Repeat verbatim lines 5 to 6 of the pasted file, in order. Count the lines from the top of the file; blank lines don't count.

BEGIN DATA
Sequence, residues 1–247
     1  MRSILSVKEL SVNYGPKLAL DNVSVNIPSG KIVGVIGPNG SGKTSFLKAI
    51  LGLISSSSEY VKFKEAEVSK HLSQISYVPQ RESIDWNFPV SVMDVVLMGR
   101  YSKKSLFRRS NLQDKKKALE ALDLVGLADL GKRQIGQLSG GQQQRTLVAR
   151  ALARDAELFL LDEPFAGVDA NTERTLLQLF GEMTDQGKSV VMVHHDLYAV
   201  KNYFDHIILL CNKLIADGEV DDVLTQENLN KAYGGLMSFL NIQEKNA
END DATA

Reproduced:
   151  ALARDAELFL LDEPFAGVDA NTERTLLQLF GEMTDQGKSV VMVHHDLYAV
   201  KNYFDHIILL CNKLIADGEV DDVLTQENLN KAYGGLMSFL NIQEKNA